Entertainment or journalism?

Essay By
Learn more about William McKenzie.
William McKenzie
Senior Editorial Advisor
George W. Bush Institute

A tension has existed within American journalism going back to the earliest days of our republic:  Should journalists primarily focus on facts and information? Or are they performers of some kind who are selling a product to their audiences? 

Here’s a quick summary of what I mean:  

In our early days, partisans owned presses that catered to the like-minded. Then, in the late 1800s, “yellow journalism” took hold as publishers used the sensational and titillating to sell newspapers.  

Not long after that, a counterrevolution rose up in response to partisan papers and yellow journalism. The focus became “objective journalism,” where, in short, facts and information became the centerpiece. The growth of wire services such as the Associated Press and United Press International reflected this movement.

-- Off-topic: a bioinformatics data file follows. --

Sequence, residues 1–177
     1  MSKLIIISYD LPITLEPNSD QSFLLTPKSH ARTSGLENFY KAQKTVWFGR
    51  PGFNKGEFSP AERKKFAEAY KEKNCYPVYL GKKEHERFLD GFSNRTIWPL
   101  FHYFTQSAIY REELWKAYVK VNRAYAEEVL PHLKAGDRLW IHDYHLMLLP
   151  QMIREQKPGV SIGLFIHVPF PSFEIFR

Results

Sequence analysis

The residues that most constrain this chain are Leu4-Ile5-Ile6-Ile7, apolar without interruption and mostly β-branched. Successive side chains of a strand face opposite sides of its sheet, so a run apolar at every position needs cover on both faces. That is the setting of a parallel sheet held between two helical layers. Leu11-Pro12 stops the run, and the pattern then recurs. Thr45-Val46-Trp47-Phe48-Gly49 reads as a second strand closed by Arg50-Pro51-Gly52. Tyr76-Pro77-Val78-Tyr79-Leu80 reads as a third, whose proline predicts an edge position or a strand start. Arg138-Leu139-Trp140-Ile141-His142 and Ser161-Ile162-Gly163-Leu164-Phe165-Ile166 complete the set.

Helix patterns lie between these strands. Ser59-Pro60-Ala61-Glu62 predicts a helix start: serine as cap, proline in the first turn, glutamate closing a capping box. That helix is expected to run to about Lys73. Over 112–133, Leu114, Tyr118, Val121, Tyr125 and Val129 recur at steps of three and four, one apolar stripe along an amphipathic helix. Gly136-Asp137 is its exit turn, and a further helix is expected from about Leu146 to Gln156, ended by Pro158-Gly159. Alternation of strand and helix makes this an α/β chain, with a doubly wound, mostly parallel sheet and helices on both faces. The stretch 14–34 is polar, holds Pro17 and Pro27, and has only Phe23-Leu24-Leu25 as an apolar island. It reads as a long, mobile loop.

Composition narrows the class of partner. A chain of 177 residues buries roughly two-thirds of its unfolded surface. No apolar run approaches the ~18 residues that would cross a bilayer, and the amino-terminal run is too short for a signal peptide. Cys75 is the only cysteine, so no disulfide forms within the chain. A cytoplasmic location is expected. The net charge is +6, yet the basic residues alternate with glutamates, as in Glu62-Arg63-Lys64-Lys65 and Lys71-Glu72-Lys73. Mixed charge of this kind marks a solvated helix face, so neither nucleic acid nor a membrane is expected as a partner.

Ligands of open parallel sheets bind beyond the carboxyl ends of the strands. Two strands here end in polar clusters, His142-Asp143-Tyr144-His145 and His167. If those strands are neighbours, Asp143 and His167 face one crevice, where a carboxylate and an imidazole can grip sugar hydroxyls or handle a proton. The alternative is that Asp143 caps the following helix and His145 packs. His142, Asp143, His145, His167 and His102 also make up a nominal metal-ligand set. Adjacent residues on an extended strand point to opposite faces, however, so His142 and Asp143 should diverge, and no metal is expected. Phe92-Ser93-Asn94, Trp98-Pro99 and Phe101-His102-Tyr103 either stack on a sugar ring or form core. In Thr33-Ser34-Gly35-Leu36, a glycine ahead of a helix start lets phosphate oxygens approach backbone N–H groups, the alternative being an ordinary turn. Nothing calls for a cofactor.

The tension continued, though, as television evolved in the 1950s. Journalism wrestled with whether broadcast reporters, anchors, and commentators were primarily “stars” who must know how to perform on camera and hold the viewers’ attention. Or were they called to be journalists who know how to unearth and report information and facts that matter to viewers, readers, or listeners? In the early days of television, the medium was so new that some broadcasters worried that wearing makeup would make them look like entertainers.  

Performative journalism 

That hesitancy has changed. Literally and figuratively, some journalists – but by no means all – do not hesitate to put on makeup and return to those days when entertaining or grabbing consumers of news with the provocative held sway.  

Just look at modern cable news shows. An ability to perform on camera, stick to talking points, and confront other panelists often seems the norm.